Movie Reviews

Movie Review: 'Lee Daniels' The Butler'

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The new movie Lee Daniels' The Butler stars Forest Whitaker and Oprah Winfrey in a story that took five years and 37 producers to bring to the screen. The film is inspired by the real life career of a White House employee who served eight presidents.


Well, now let's go to the movies. The new film called "Lee Daniels' The Butler," stars Forest Whitaker and Oprah Winfrey in a story that took five years and 37 producers to bring to the big screen.

L.A. Times and MORNING EDITION film critic Kenneth Turan has this review.

KENNETH TURAN: "Lee Daniels' The Butler" is neither as good as it might have been nor as bad as you may have feared. It's an ambitious and overdue attempt to create a Hollywood-style epic around the experience of black Americans and the Civil Rights Movement. The film was inspired by the real life career of a White House employee who served eight presidents. But "The Butler" abandons reality to create fictional composite characters that allow decades of history to fit into one family's tumultuous story.

Cecil Gaines, played by Forest Whitaker, starts work at the White House in 1957. And one of the film's strengths is the gregarious banter of his coworkers, played by Cuba Gooding, Jr. and Lenny Kravitz.


CUBA GOODING, JR.: (as Carter Wilson) Hey, there he is - heard you were coming. What's your name, my brother?

FOREST WHITAKER: (as Cecil Gaines) Cec - Cecil Gaines.

JR.: (as Carter Wilson) Cecil Gaines.

LENNY KRAVITZ: (as James Holloway) (unintelligible)

JR.: (as Carter Wilson) Well, I'm Carter Wilson, the head Butler. Don't worry about Bi Moe behind you. That brother will steal your wallet before you even know it. This brother at the mirror over here, his name is James Holloway, my second in command.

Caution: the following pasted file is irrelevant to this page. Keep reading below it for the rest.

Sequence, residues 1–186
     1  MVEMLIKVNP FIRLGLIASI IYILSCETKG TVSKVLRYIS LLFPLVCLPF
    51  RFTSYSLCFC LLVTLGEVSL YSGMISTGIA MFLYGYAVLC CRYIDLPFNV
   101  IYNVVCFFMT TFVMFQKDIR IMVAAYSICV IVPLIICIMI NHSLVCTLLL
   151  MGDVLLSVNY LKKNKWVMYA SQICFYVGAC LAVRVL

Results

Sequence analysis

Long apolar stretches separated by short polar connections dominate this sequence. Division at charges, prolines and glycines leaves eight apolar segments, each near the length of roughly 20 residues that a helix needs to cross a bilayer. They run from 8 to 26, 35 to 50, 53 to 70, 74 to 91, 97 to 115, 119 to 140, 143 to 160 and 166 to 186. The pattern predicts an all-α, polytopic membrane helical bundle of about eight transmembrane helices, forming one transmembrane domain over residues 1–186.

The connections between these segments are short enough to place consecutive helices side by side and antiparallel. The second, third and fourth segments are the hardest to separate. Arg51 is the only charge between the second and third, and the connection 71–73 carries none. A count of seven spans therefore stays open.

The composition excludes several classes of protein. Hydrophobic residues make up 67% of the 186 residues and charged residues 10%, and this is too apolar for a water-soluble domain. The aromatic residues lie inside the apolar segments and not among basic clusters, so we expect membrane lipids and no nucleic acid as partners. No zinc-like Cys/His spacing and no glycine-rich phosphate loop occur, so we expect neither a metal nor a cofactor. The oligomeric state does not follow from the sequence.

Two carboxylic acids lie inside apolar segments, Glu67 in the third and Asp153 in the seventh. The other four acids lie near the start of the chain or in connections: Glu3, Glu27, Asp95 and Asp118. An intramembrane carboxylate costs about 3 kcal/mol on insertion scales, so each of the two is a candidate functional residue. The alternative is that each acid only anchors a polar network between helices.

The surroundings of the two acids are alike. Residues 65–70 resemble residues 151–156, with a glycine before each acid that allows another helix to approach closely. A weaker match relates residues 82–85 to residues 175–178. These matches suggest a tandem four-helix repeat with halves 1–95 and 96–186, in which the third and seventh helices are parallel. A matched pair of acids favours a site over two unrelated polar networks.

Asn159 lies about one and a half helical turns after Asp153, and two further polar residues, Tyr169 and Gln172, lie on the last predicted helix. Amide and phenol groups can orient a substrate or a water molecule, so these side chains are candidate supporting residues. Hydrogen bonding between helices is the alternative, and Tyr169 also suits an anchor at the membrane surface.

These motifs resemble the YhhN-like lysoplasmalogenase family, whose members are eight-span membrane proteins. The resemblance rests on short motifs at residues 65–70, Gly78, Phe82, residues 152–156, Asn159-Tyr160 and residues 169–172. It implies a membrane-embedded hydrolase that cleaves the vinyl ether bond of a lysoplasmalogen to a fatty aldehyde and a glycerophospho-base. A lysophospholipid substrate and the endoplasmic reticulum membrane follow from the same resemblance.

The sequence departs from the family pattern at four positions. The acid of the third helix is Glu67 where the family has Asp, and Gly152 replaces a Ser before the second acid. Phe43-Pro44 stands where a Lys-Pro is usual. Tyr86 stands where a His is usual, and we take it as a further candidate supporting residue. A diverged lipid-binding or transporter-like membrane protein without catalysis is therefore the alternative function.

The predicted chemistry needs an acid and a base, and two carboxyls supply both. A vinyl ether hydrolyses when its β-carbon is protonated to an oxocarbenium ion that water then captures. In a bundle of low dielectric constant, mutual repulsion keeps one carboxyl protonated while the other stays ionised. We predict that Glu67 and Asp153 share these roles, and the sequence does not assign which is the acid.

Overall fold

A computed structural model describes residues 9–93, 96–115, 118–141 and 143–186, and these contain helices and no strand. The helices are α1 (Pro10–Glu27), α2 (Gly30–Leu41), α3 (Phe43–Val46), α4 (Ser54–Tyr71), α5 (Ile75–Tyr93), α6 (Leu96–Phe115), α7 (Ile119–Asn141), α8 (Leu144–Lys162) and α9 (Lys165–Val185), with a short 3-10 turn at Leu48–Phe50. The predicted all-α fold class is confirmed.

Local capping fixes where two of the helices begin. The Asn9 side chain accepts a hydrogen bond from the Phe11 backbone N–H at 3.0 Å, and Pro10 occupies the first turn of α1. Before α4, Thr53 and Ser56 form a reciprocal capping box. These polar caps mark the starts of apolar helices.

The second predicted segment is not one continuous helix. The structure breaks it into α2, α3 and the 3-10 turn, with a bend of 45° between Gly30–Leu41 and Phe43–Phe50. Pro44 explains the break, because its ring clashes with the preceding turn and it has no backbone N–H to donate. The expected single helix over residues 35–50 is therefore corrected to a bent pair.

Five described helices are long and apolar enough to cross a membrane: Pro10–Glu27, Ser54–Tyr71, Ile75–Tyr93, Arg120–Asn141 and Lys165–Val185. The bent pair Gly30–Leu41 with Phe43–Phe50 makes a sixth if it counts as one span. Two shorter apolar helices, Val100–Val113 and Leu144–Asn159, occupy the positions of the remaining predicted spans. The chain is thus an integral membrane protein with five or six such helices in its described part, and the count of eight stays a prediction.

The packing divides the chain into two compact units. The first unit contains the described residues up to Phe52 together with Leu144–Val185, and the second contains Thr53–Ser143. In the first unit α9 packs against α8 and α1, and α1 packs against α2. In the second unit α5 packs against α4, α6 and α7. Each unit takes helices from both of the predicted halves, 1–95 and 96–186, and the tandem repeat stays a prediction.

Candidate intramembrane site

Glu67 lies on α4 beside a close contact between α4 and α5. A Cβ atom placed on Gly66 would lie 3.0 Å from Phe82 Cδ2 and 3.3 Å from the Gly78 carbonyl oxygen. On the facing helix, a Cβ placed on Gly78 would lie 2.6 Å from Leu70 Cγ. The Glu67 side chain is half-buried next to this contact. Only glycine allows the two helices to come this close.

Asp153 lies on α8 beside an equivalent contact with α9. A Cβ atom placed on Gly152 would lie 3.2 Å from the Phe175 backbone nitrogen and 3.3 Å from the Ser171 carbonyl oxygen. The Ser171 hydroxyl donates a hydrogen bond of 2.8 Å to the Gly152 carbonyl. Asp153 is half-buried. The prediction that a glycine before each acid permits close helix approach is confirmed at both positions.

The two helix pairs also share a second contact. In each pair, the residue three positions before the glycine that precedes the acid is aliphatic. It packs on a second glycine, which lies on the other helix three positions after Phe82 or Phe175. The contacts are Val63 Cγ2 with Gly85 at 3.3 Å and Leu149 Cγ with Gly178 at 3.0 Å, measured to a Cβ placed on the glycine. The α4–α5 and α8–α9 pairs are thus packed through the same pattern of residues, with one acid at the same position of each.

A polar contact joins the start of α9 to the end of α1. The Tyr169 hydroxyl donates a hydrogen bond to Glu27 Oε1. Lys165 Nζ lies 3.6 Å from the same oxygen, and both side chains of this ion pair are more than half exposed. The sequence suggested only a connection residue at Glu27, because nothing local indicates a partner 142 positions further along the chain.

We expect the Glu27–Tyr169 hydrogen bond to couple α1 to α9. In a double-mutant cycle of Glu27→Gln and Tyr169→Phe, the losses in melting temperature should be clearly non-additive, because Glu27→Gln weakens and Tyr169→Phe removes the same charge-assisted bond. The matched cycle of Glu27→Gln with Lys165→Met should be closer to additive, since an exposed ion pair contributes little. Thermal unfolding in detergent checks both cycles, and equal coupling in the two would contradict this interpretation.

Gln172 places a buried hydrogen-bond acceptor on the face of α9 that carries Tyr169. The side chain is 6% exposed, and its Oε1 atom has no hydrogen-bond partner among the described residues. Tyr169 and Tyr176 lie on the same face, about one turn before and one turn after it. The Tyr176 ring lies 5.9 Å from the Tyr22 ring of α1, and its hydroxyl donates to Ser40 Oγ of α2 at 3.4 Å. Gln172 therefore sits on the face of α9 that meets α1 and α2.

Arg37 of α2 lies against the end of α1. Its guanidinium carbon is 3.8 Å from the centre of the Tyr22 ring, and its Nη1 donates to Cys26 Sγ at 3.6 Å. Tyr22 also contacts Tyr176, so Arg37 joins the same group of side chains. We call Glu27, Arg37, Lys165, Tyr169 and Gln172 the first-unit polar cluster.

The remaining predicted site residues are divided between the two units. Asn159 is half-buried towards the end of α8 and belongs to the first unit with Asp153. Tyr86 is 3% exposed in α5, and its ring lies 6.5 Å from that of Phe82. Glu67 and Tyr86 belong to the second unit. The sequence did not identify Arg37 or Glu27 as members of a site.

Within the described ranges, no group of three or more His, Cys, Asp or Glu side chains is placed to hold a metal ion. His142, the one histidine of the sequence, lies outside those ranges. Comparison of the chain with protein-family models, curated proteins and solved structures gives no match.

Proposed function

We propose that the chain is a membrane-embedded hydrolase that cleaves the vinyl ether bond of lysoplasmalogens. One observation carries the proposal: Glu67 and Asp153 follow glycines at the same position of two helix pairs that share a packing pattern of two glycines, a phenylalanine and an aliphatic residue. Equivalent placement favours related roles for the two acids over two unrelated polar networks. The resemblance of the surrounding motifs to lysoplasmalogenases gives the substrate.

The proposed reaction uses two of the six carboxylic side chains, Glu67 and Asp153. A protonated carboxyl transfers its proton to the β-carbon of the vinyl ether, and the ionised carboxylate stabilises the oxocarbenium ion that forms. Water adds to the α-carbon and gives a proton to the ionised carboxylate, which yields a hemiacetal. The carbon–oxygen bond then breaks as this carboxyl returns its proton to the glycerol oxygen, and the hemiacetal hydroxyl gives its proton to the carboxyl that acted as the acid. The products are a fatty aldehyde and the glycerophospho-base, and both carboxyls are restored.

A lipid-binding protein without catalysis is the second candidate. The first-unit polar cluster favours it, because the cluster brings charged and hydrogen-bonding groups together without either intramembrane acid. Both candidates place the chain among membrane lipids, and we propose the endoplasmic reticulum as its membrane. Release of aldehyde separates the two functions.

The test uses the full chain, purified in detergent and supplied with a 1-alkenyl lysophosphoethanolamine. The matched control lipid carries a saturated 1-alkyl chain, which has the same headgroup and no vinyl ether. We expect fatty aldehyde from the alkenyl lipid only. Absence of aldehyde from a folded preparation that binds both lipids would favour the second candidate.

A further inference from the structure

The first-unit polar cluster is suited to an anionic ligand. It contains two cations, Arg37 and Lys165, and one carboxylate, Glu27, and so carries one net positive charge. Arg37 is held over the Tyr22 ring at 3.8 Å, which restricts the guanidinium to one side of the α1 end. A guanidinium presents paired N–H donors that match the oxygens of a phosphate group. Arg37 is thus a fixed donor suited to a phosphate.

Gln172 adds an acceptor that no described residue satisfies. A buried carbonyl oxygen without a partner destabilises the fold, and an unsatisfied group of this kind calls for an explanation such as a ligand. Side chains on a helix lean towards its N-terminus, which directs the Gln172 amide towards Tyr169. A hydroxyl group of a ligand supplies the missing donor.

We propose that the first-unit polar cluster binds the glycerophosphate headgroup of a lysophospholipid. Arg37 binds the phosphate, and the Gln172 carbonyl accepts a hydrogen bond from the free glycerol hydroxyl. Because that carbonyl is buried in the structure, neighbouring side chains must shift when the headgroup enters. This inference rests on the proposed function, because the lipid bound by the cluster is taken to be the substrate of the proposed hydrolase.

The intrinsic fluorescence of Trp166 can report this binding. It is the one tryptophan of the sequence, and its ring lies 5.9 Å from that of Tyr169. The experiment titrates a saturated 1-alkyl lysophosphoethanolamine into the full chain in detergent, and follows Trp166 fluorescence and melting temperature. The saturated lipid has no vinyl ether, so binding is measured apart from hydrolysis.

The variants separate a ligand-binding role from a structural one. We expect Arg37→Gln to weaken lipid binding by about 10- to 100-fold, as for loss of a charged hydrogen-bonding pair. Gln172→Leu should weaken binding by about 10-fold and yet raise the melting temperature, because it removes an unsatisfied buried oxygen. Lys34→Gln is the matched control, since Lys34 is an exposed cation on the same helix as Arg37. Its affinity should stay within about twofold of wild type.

WHITAKER: (as Cecil Gaines) James.

KRAVITZ: (as James Holloway) Jackie Robinson and Willie Mays?

JR.: (as Carter Wilson) Why don't you shake the man's hand first before you start asking difficult questions like that?

KRAVITZ: (as James Holloway) I just want to know where the man is coming from...

TURAN: "The Butler" starts to give off mixed messages when Cecil's politically active son Louis, played by David Oyelowo, comes of age. The clashes between father and son over the utility of getting arrested in the South are intense.


WHITAKER: (as Cecil Gaines) Are you even in school?

DAVID OYELOWO: (as Louis Gaines) I'm trying to change the way negroes are treated...

WHITAKER: (as Cecil Gaines) That judge just sentenced you to 30 days in the county workhouse. You going to get killed.

OYELOWO: (as Louis Gaines) If I can't sit at any lunch counter I want, then I might as well be dead.

TURAN: But "The Butler's" plotting becomes too contrived. The film turns Louis into a kind of African-American Zelig, present at every key Civil Rights turning point. That's Louis sitting in at a Woolworth lunch counter, getting fire-bombed on a Freedom Rider bus, getting assaulted by a fire hose in Birmingham, being with Martin Luther King in Memphis just before he died, even putting on a beret and becoming a Black Panther.

All this stuff did happen, but it strains credulity to have it all happen to one person. "The Butler," sadly, undercuts itself by hitting too many points on the nose with a nine-pound hammer.


GREENE: That's Kenneth Turan. He reviews movies for MORNING EDITION and for the Los Angeles Times.


GREENE: This is NPR News.

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